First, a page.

The country of Myanmar, traditionally known as Burma, mingles many cultures of Southeast Asia in its dance, music, clothing and most especially food. Cuisine plays a central role in Myanmar life, and as in other coastal cultures in Southeast Asia relies heavily on seafood.
Fruits and Vegetables
Fresh fruits and vegetables are widely used in Myanmar cuisine, and a plethora of different plants are available. Myanmar’s location allows its people to draw from the fruits and vegetables of China, India and Thailand. Tropical fruits such as jackfruit, guava, durian and lychee are used as desserts, salads and ingredients in entrees. Many fruits have also been imported from the West, and strawberries and cherries are both popular in Myanmar cooking. One of the most popular vegetables in Myanmar is jengkol, a legume that is cooked and used in most curries.
Beef is completely eschewed by Buddhists in Myanmar, who revere the cow as a sacred animal. As a result, it is rarely seen in Myanmar cooking. Pork has a more nuanced place in the national cuisine. Although it forms a cornerstone of most traditional dishes, neither the country’s Muslim population nor Buddhists who worship the spirit deities known as nats will eat it. Chicken is widely used, especially among devout nat-worshippers and Muslims. As in many Southeast Asian countries, fish and seafood also play an integral role. Fish paste, or ngapi, is used in nearly everything – in all kinds of dishes and also as a condiment and as a base for soups and curries.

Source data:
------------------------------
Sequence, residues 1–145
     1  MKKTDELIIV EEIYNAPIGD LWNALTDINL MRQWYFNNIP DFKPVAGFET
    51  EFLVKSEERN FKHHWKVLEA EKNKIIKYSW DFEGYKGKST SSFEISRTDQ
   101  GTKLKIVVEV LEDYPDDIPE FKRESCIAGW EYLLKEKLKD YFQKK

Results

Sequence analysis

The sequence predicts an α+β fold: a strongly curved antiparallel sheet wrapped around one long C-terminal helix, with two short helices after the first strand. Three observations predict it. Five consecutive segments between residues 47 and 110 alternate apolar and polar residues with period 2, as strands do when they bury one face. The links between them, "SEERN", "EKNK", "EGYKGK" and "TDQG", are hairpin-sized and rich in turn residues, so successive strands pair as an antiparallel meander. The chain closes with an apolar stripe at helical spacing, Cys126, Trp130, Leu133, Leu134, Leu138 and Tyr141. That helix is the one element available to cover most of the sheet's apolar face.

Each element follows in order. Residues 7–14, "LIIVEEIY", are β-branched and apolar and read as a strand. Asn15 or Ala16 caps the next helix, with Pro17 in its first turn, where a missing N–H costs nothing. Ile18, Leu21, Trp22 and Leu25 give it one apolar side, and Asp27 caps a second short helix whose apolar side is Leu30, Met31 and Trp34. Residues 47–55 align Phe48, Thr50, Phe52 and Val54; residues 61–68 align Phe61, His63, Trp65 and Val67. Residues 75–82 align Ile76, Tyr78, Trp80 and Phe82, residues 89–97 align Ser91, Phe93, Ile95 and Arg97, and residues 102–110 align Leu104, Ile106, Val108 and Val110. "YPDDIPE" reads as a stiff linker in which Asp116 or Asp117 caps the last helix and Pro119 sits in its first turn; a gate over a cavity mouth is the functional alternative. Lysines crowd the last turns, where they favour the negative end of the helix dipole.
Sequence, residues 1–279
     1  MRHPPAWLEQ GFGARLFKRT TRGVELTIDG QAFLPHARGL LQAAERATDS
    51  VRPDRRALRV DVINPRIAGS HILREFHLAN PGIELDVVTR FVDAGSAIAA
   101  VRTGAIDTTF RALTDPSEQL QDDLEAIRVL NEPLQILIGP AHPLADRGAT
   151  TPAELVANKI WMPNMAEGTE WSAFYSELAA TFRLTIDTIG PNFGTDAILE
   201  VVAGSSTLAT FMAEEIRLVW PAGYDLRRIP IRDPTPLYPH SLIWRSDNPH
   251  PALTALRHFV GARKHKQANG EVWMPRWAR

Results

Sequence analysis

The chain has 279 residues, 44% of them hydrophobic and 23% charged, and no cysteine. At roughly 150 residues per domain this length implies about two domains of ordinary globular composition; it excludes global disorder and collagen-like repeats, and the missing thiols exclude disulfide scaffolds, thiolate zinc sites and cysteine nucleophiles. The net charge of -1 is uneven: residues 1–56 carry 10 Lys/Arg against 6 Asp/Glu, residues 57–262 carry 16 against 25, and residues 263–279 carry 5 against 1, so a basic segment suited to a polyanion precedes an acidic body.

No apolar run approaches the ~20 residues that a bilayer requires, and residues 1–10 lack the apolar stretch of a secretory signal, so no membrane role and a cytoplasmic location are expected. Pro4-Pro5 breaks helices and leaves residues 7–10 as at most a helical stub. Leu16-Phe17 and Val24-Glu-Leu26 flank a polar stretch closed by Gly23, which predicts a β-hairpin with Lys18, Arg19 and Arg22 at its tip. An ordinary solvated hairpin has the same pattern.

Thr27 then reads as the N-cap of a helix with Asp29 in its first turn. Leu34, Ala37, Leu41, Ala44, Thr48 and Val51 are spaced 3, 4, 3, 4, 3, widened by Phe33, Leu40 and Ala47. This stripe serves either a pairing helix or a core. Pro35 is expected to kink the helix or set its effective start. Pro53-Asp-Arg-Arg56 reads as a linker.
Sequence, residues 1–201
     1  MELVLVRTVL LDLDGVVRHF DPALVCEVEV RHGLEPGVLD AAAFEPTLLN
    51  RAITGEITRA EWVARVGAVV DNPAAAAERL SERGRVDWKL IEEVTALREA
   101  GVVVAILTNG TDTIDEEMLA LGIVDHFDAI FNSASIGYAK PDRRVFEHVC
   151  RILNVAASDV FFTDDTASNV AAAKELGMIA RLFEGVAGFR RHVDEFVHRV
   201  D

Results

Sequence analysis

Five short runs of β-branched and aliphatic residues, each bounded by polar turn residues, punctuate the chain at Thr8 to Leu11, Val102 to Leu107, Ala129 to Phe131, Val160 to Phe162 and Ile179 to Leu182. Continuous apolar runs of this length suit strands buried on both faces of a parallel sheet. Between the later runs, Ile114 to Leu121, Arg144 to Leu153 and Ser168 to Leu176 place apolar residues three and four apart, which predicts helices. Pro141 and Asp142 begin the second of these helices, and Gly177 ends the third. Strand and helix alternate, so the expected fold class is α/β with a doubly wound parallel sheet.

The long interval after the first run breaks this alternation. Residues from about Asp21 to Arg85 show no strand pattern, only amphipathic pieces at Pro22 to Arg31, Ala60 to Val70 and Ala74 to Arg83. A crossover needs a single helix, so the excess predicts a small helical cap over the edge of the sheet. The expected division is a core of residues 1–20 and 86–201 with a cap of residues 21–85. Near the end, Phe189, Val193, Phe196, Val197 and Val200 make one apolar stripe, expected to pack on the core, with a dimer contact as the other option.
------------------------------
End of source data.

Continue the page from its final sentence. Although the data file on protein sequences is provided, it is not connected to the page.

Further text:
Indian dishes such as chapatti and samosa are very popular in Myanmar, often integrating regional dipping sauces. Chinese influence has led to popular dishes such as san byohk, a rice porridge with flavoring, and htamin jaw, a classic fried rice with peas and either bean curd or meat. Mohinga is one of the most well-known national dishes, consisting of fish soup with rice noodles, often served with fritters of some sort. Coconut milk curries, such as ohn no khao swè, a curried chicken and wheat noodle soup, are also common.